Reference

Crabe, R., Aimond, F., Gosset, P., Scamps, F., and Raoul, C. (2020). How Degeneration of Cells Surrounding Motoneurons Contributes to Amyotrophic Lateral Sclerosis. Cells 9.

Feather-Schussler, D.N., and Ferguson, T.S. (2016). A Battery of Motor Tests in a Neonatal Mouse Model of Cerebral Palsy. J Vis Exp.

Inacio, A.R., Nasretdinov, A., Lebedeva, J., and Khazipov, R. (2016). Sensory feedback synchronizes motor and sensory neuronal networks in the neonatal rat spinal cord. Nature communications 7, 13060.

Layalle, S., They, L., Ourghani, S., Raoul, C., and Soustelle, L. (2021). Amyotrophic Lateral Sclerosis Genes in Drosophila melanogaster. Int J Mol Sci 22.

Roubertoux, P.L., Ghata, A., and Carlier, M. (2018). Measuring Preweaning Sensorial and Motor Development in the Mouse. Curr Protoc Mouse Biol 8, 54-78.

Scamps, F., Aimond, F., Hilaire, C., and Raoul, C. (2021). Synaptic Transmission and Motoneuron Excitability Defects in Amyotrophic Lateral Sclerosis. In Amyotrophic lateral sclerosis, E. Publications, ed. Submitted.

 

Progress beyond the state of the art, expected results until the end of the project and potential impacts

ADELE aims at exploring the spatiotemporal dynamics of spinal network activity during post-natal development of an ALS mouse model. We propose to combine complementary areas of expertise to answer a question that has never been functionally addressed before: is ALS a developmental disease that originates when spinal circuits are first established and remains silent before reaching a clinical breakthrough point? This conceptual paradigm shift requires a scientifically robust proof of concept in order to stimulate new examination protocols aimed to reveal early preclinical markers of the disease raising an alert towards early ALS diagnostics, to guide screening of genetic background in the cohort of patients with a risk of ALS development, and will open large time window for the new treatments preventing the disease. Strikingly, in humans, asymptomatic mutation carriers can exhibit electrophysiological abnormalities such as intracortical facilitation transmission deficits, which can be observed 30 years before the onset of symptoms (Chipika et al., 2020). In mice, during embryonic development (E17.5), motoneurons already exhibits depolarized GABAAR reversal potential, reduced glycinergic and GABAergic inhibitory post-synaptic currents (Branchereau et al., 2019). However, these defects are not clinically translated. Our results obtained by early reflex behavior indeed testify that at the macroscopic scale, defects of the neuronal circuitry are compensated and allow an adaptation of the animals to the environment. Currently, to our knowledge no laboratory has studied the sensory-motor activity in the spinal cord of SOD1 neonate mouse using a translaminar extracellular recording approach. This development, as we have experienced, is particularly challenging but still remains a major asset in our understanding of the disease. This interdisciplinary approach implicates electrophysiologists, neurobiologists, physicists and mathematicians to propose an innovative and potentially ground-breaking description of pathophysiological process underlying ALS pathogenesis. Project outcomes would enable detection at very early developmental stages in ALS mice, well before the emergence of clinical symptoms and support novel preventive and effective therapy. Indeed, our goal is to identify very early network defects in order to perform a targeted therapeutic intervention on a short developmental period and to evaluate the benefits in adults. Reconsidering ALS as a neurodevelopmental disease whose effective therapy consists in targeting the early stages remains an original approach that will surely raise many questions but will open new horizons.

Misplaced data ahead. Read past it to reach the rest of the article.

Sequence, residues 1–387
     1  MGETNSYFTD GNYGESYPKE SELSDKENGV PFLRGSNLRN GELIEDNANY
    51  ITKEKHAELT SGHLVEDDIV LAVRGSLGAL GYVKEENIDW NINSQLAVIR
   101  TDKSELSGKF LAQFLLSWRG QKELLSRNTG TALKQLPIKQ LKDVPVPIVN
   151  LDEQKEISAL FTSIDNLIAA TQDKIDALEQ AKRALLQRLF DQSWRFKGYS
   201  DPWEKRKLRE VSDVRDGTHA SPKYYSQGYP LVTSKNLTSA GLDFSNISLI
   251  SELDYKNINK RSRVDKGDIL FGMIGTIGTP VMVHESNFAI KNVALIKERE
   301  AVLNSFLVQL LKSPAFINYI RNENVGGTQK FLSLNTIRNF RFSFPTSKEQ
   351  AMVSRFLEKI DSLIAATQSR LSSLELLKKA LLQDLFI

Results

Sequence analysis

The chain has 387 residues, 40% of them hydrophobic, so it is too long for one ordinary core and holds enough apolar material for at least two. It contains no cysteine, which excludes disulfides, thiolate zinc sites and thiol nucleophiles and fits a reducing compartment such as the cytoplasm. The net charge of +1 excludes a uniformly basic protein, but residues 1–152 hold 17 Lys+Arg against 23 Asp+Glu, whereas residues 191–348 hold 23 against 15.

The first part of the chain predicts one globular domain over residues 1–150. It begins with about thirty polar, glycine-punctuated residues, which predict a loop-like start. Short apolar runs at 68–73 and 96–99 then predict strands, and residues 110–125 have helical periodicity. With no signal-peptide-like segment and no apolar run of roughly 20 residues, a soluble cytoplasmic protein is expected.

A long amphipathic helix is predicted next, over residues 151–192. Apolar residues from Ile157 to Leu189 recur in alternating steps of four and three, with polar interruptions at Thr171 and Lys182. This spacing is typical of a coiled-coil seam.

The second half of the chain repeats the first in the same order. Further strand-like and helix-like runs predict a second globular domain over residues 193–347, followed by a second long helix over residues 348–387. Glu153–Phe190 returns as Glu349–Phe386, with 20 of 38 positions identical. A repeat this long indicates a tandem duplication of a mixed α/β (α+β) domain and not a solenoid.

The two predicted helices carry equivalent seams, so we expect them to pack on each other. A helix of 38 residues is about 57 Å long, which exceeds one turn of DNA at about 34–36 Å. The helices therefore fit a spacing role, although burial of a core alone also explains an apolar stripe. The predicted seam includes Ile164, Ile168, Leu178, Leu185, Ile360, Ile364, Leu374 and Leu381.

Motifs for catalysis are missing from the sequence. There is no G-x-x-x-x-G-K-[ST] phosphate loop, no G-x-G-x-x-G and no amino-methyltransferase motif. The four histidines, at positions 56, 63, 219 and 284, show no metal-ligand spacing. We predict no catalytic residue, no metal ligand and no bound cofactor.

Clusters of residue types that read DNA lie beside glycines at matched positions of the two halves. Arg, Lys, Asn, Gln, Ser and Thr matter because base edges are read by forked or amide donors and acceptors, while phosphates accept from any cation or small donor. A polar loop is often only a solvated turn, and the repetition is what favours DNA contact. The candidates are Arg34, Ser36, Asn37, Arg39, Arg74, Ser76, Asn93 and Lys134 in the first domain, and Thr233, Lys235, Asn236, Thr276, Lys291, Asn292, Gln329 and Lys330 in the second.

References

Branchereau, P., Martin, E., Allain, A.E., Cazenave, W., Supiot, L., Hodeib, F., Laupenie, A., Dalvi, U., Zhu, H., and Cattaert, D. (2019). Relaxation of synaptic inhibitory events as a compensatory mechanism in fetal SOD spinal motor networks. Elife 8.

Chipika RH, Siah WF, McKenna MC, Li Hi Shing S, Hardiman O, Bede P. The presymptomatic phase of amyotrophic lateral sclerosis: are we merely scratching the surface? J Neurol. 2020.